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To the Ends of the Earth by Paul Theroux

To the Ends of the Earth by Paul Theroux

Book CoverOne of my favorite things about airports is visiting their bookstores. I like to wander among the cramped aisles in search of something to read during the long hours passed crossing the Atlantic, or worse yet the Pacific. Invariably I find myself in the travel section with its allure of secret places and exotic adventure. It was during one such venture that I stumbled onto Paul Theroux’s To the Ends of the Earth.


To the Ends of the Earth is really the perfect airport book, because in a sense it’s not really a book at all. Instead it’s a collection of stories taken from a number of Theroux’s previous works, including The Great Railway Bazaar, The Kingdom by the Sea, and Riding the Red Rooster. As such, it provides a smorgasbord of short pieces on Theroux’s travels in India, Central America, the British Isles and China. In fact, if there is a weakness in To the Ends of the Earth it is that I found just as I started to get a feel for a place the section ended. This weakness though was easily overcome by my realization that I now had a good sense of what other Theroux books I wanted to read in the future.

For those of you unfamiliar with Theroux, he is a native of Massachusetts and is perhaps the most prolific travel writer alive. For the past forty years he has traveled the world writing, teaching English, and recording his experiences while living in Italy, Malawi, Uganda, Singapore, and Britain. Even if you are unfamiliar with his books, you may know of him indirectly from the movie Mosquito Coast, which was adapted from Theroux’s novel of the same name.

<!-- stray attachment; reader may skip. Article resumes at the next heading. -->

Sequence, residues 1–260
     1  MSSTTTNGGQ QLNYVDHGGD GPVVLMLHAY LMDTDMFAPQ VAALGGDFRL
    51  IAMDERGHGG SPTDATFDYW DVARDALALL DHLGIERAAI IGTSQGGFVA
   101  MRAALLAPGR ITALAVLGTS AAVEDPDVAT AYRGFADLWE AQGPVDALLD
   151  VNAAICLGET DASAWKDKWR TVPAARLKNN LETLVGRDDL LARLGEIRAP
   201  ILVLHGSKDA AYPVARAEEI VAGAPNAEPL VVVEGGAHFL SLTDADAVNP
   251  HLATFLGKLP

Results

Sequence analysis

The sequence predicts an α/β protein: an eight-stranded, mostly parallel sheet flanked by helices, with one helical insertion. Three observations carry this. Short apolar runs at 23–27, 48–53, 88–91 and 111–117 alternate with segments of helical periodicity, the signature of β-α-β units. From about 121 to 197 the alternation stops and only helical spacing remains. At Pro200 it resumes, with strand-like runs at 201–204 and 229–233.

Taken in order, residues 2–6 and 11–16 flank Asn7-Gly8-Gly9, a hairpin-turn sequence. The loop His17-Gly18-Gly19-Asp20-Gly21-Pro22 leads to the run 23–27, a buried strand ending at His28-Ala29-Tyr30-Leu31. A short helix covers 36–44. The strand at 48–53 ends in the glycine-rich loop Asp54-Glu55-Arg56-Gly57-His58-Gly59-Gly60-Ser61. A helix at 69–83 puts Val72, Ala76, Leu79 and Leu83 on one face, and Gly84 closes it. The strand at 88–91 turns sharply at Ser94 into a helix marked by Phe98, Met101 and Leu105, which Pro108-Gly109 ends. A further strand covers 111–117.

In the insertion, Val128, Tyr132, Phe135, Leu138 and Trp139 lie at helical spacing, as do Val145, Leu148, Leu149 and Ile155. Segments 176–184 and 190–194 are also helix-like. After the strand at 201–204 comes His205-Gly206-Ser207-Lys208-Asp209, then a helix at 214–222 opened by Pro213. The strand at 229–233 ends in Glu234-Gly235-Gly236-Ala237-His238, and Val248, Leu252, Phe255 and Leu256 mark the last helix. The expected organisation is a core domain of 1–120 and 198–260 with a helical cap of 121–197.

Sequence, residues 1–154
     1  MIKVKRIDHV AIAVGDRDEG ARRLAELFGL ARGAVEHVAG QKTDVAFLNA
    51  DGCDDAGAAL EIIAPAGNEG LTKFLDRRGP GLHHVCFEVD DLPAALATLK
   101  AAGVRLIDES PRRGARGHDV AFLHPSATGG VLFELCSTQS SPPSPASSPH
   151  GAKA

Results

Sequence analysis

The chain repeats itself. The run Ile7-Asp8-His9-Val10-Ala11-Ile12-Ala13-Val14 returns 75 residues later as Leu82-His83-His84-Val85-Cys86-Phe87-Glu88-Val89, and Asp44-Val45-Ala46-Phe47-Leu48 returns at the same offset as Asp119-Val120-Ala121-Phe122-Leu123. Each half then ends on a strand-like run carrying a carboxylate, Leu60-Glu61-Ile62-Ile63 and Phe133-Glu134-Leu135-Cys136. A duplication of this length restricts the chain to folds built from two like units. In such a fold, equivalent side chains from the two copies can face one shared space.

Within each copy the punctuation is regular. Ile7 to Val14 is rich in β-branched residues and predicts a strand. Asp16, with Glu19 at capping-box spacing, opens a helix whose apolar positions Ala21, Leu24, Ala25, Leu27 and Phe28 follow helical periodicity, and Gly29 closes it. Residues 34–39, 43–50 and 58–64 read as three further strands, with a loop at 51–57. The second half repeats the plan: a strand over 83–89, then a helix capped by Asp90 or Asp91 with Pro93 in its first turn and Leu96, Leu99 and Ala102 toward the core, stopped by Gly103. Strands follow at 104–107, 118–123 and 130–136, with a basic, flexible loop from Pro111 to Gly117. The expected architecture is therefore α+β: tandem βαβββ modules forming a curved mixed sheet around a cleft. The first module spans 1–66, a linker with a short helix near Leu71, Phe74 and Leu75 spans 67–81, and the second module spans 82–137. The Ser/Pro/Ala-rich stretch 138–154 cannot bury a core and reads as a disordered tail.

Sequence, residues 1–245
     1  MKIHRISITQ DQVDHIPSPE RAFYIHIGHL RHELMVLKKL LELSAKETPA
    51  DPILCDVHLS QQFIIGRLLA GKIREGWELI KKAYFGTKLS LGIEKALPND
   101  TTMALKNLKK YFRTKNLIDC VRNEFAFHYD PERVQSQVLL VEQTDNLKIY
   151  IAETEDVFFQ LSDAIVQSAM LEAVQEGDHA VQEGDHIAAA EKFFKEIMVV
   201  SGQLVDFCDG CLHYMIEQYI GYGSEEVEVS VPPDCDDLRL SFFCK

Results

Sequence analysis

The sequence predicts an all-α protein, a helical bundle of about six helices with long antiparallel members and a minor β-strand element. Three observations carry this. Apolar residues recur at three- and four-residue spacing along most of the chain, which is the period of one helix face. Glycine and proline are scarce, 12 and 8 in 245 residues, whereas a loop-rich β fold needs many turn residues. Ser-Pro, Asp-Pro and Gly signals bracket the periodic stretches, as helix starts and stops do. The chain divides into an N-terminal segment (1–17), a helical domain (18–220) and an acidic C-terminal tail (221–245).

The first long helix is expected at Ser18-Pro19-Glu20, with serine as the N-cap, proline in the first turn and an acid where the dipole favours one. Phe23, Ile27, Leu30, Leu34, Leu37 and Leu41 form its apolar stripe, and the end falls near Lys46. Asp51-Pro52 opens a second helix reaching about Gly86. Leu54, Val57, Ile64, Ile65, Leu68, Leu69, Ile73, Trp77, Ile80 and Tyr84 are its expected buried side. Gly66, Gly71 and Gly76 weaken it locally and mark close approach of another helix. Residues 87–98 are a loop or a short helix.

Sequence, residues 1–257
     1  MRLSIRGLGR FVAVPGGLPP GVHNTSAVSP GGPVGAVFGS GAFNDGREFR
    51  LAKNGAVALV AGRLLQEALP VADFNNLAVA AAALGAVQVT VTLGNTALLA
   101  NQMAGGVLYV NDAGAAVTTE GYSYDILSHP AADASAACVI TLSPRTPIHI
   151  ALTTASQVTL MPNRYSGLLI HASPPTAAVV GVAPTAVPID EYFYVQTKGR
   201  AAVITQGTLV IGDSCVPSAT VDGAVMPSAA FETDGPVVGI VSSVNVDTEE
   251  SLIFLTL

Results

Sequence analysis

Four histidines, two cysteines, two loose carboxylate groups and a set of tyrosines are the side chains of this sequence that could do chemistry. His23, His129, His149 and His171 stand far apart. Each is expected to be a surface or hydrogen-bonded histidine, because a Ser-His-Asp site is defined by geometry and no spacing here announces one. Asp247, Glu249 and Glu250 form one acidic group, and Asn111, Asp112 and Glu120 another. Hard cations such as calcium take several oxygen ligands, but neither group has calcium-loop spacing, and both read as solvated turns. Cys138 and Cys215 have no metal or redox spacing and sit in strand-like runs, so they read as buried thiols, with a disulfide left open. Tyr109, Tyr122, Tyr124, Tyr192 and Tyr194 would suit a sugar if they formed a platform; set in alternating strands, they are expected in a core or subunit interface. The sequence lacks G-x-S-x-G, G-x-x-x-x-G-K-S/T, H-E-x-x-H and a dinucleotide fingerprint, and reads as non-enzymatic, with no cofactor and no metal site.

Some people I have spoken with find Theroux’s writing style oppressive and egotistical. I disagree. While it is true that Theroux makes no attempt to hide his opinions in any of his writings, including those found in To the Ends of the Earth, I find his pointed voice and direct observations refreshing, even when I disagree with his conclusions.

Whether it is recollecting the patter of his seatmate on a train ride down Costa Rica’s Caribbean coast or reflecting on the Falklands War through the words of B&B keepers in the British Isles, Theroux strips his travel stories of the flowery and the expected. As he states in the introduction to To the Ends of the Earth, while explaining what drove him initially to write about his travels, "I had done enough traveling to know that half of travel was delay or nuisance – buses breaking down and hotel clerks being rude….The truth of travel was unexpected and off-key, and few people ever wrote about it." Indeed, you won’t find the effusive prose of so many guidebooks in Theroux’s writing, but you will find the sights, sounds, and often acrid smells that ordinary tourists seldom discover or witness while being shuffled around on a tour bus.


I think Theroux states his purpose best when he says, "All travelers are optimists. I always went along thinking: I’ll be all right, I’ll be interested, I’ll discover something…and at the end of the day I’ll find a nice old place to sleep. Everything is going to be fine, and even if it isn’t, it will be worthy of note – worth leaving home for." It is just such a sense of adventure that permeates the stories in To the Ends of the Earth and that, in my opinion, separates a traveler from a tourist.